After completing the prologue, Sable sets off on her bike and the game’s sprawling world opens up before her in a poignant way that slightly echoes the sunlight at the start of The Elder Scrolls 4: Oblivion or watch the entire Midgar for the first time in Final fantasy 7. The moment is accompanied by a touching track from indie rock band Japanese Breakfast, which has managed to introduce the player to what turns out to be a most enjoyable adventure.
Playing Sable it’s like browsing through a graphic novel, and the visuals are easily one of the game’s highlights. It’s a wonderful, albeit rather empty, world that players find themselves exploring. There are vast windswept dunes, deserts filled with cacti and exotic plants, and towering mesas and pillars. One thing to keep in mind is that the brightly colored gameplay shown in many online screenshots does not fully reflect the look of the game. There is a day and night cycle in Sable, and it appears to be an overnight stop about two-thirds of the time. Without daylight, the colors in the game will become muted and gray, and most of the game will be played with this less vivid color scheme. Perhaps this is intentional, however, as it makes the brief, brightly colored interludes much more appreciated, and Sable is really nice to watch during the day.
In addition to the many positive points of the game, Sable unfortunately also suffers from a number of technical problems. None were major or groundbreaking, but the bugs were so prolific and constant that they inevitably took a toll on the overall impression the game left. Sable could have benefited from a few more weeks of bug fixes and polish.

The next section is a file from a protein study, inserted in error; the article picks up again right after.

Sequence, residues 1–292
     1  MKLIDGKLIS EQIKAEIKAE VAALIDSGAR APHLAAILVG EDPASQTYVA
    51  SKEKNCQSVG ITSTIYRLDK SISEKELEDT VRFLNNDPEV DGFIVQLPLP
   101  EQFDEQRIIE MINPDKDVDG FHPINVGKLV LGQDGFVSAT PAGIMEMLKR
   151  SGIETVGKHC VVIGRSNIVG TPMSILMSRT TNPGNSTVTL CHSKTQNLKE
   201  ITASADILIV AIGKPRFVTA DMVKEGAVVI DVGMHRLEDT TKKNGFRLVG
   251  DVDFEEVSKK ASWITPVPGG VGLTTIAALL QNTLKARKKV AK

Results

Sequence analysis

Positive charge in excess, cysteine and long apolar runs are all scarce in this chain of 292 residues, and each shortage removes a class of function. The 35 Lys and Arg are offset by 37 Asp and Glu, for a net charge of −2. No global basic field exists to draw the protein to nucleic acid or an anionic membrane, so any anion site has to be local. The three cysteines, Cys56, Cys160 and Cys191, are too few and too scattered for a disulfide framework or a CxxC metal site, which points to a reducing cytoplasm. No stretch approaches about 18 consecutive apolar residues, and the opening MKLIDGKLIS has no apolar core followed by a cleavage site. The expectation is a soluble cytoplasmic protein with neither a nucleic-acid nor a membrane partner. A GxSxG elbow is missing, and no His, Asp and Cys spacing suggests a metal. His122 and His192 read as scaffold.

There were too many issues to mention them all, and while they did not occur consistently, the majority were encountered more than once in the first 10 hours of play. Button prompts have stopped appearing. display randomly, so it wasn’t always obvious that an object could interact with it. HUD items like autosave and quest icons stop appearing for several minutes, then reappear for no clear reason. Menus would freeze and no longer respond to input, whether with a controller or keyboard. Sometimes it could be fixed; twice the game had to be quit to regain functionality. This was one of the few, possibly related, issues involving the in-game menu.
And when summoned, Sable’s hovercraft got stuck underground or in walls on several occasions. Once he even grabbed a ridge and twirled it up and down for a good 20 seconds. It doesn’t even address the most negligible issues like texture flickering, people constantly walking in place, camera breaking through walls and ceilings, non-collision objects, or Sand sometimes getting stuck as a result. And while not everyone is bothered by typos or punctuation errors, these have been seen frequently enough to distract players who notice this sort of thing.
These problems are regrettable because Sable is an outstanding game that would normally deserve a higher rating. But the problems, although for the most part minor, have been encountered with such regularity that they cannot be ignored. Hopefully Raw Fury fixes these issues quickly because, without these flaws, Sable is truly a gorgeous, minimalist journey through an open world that is a joy to explore.
Sable is available on PC, Xbox One, and Xbox Series X / S. Game Rant has received a Steam code for this review.